One the places we went in Bali last month, was Pantai Amed. This is located on the north-east shore of Bali.
The sand is volcanic black & the land view is the majestic mount Agung & its two sisters mountain.
It is much much quieter than Ubud or Kuta. Yet, there were many cottages & simple hotels all along the shore. Most of those who gather here are those looking for serenity or, like us, seek for the beauty of under-water. We stayed in the first hotel along the shore, called Uyah Amed. Uyah, in balinese, means salt.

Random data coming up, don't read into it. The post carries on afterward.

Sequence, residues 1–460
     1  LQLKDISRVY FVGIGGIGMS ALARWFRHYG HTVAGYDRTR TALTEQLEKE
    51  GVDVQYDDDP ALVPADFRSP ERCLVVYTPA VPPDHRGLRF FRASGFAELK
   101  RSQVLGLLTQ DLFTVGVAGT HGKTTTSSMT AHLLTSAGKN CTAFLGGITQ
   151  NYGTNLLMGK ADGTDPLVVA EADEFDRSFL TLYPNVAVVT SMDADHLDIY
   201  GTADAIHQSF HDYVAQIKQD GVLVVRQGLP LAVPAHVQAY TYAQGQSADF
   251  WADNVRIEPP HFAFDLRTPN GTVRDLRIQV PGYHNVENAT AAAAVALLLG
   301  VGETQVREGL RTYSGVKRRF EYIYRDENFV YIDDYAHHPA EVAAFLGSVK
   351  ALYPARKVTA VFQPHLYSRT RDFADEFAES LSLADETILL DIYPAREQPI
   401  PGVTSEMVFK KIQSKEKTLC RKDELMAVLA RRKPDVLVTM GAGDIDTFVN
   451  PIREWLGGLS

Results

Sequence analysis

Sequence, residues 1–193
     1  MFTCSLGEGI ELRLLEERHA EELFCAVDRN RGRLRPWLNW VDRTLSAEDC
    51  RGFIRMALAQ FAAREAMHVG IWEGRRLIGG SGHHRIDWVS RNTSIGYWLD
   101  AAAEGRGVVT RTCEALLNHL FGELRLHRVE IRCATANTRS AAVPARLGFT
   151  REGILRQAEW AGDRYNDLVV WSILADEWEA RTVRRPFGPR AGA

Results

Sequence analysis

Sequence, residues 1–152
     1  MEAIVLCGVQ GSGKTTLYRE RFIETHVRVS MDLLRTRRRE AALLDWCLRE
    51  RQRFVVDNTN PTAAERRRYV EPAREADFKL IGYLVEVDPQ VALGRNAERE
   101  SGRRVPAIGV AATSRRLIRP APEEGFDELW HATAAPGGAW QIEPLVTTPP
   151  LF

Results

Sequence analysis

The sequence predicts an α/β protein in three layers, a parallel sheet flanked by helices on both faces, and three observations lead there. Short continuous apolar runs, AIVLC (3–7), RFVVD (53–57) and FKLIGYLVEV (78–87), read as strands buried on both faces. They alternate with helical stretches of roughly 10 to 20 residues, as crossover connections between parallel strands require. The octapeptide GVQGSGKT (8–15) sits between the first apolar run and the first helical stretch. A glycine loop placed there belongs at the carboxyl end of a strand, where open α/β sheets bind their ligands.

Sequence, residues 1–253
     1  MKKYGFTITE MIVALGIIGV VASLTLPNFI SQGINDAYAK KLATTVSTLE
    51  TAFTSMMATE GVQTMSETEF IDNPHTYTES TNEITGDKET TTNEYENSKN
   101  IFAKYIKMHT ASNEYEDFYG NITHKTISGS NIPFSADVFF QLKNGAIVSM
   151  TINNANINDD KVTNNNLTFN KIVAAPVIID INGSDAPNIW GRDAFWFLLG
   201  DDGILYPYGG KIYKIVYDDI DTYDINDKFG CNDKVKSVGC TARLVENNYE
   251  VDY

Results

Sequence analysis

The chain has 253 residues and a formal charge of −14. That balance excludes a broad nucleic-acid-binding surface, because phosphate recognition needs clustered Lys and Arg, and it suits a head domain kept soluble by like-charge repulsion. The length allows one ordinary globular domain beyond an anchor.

The location had a great view of the triplet mountains of Mount Agung & its 2 smaller sisters. However, what was more interesting & eye-opening to me was the life of the traditional salt farmers all around the beach. I had awaken at 5.45am to hunt for the sunrise, and took a stroll along the beach... what was different of this place compared to any other balinese beaches (or any other in Indonesia) I've stepped on, was these salt farmers walking up and down the slopy shore, scooping fresh water with tin fan-shaped buckets from the sea, carrying them over on their shoulders for about 50m up to the land & before throwing them on the soil-bed and raking them to sun-dry thru-out the next few days. The bucket loads weight easily at least 50kgs... and I think they did at least 50 trips in & out of the water. . Their foot trail were embedded deep into the rocky black sand. Many of them were women (I know the men are not sleeping.. I saw them the night before, sailing to the sea, to hunt for fish). As you and I know, salt is not expensive, but yet their efforts are so abundant. I will leave the pictures to speak for itself...